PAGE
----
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Arrays and vectors (again)

    Well, the "RPG memorial" as it stands says that only strings can
    be used as inputs to the special "string-specific" functions, but
    your reply to me says that actually even non-simple char-arrays
    can be used as inputs to the string functions.

The following text is lifted verbatim from the RPG memorial proposal:

"A STRING is a VECTOR whose element-type (specified by the :ELEMENT-TYPE
keyword) is STRING-CHAR.  Strings are special in that they print using
the "..." syntax, and they are legal inputs to a class of "string
functions".  Actually, these functions accept any 1-D array whose
element type is STRING-CHAR.  This more general class is called a

Looks to me like I am saying that STRING-mumble accepts true strings and
also the more general CHAR-SEQUENCES.  At least, that was what I was
trying to say.  It just seemed too ugly to rename these functions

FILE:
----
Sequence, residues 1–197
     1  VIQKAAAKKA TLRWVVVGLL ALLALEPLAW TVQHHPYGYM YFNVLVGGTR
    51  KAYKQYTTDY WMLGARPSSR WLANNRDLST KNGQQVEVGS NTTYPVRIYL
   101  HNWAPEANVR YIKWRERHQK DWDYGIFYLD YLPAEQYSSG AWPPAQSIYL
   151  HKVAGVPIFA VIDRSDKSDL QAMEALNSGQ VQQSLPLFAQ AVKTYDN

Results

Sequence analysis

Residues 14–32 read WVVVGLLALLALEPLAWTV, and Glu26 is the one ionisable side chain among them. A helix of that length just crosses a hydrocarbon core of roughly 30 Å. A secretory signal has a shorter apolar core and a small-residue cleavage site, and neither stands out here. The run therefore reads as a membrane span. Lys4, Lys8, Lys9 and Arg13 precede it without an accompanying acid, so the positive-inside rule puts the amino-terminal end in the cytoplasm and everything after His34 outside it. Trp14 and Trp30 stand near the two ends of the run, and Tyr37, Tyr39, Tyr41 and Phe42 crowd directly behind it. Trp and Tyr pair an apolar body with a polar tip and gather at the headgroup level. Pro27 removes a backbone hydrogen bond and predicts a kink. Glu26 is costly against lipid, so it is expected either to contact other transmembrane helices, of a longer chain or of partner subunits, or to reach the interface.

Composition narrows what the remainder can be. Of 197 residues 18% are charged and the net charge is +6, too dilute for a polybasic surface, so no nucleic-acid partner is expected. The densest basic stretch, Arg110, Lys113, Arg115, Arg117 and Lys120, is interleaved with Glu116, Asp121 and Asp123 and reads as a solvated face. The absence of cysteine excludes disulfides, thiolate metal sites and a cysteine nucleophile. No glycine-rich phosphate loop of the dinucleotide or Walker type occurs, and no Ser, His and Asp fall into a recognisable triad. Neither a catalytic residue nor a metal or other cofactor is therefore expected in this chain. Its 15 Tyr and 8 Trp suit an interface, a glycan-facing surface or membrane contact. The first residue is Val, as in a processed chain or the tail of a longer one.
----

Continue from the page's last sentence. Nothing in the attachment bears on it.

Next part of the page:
CHAR-SEQUENCE-mumble.  I admit that the naming is confusing here, since
some objects other than stings are accepted by these functions, but this
seems no worse to me than Zetalisp's decision to let the string
functions accept symbols as well.  The idea is that these are functions
that mostly work on strings and, as a special favor, they will also
swallow arbitrary 1-D arrays of characters.

    Also, what does stringp do?  Does it ever return t for anything with a fill
    pointer?  If so, then stringp returns t for things that are not strings,
    which seems unacceptable; if not, then stringp will return NIL for some
    things that print exactly the same way that strings print, and otherwise
    behave very similarly, which seems undesirable.

In an implementation that distinguishes strings from char-sequences,
STRINGP would return T for true (simple) strings and NIL for everything
else.  If you want to ask if something is a CHAR-SEQUENCE (which
includes strings as a subtype), you use CHAR-SEQUENCEP.  It is true that
non-string char-sequences print as if they were strings, but I don't see
the problem with that, unless the association between STRINGP and the "..."
syntax has become sacred.

-- Scott